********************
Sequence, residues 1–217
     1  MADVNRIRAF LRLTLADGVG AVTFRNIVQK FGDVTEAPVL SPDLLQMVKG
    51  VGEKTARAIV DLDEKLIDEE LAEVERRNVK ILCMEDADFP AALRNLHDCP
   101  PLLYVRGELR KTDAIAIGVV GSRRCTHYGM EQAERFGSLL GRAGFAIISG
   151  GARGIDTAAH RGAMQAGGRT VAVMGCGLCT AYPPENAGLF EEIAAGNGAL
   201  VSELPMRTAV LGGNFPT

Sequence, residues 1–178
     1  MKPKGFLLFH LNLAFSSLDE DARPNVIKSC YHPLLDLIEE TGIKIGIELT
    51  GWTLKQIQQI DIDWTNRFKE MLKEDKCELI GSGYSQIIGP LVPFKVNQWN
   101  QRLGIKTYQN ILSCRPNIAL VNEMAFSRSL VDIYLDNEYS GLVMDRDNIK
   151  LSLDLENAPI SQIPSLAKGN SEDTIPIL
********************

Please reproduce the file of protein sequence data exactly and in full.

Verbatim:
Sequence, residues 1–217
     1  MADVNRIRAF LRLTLADGVG AVTFRNIVQK FGDVTEAPVL SPDLLQMVKG
    51  VGEKTARAIV DLDEKLIDEE LAEVERRNVK ILCMEDADFP AALRNLHDCP
   101  PLLYVRGELR KTDAIAIGVV GSRRCTHYGM EQAERFGSLL GRAGFAIISG
   151  GARGIDTAAH RGAMQAGGRT VAVMGCGLCT AYPPENAGLF EEIAAGNGAL
   201  VSELPMRTAV LGGNFPT

Sequence, residues 1–178
     1  MKPKGFLLFH LNLAFSSLDE DARPNVIKSC YHPLLDLIEE TGIKIGIELT
    51  GWTLKQIQQI DIDWTNRFKE MLKEDKCELI GSGYSQIIGP LVPFKVNQWN
   101  QRLGIKTYQN ILSCRPNIAL VNEMAFSRSL VDIYLDNEYS GLVMDRDNIK
   151  LSLDLENAPI SQIPSLAKGN SEDTIPIL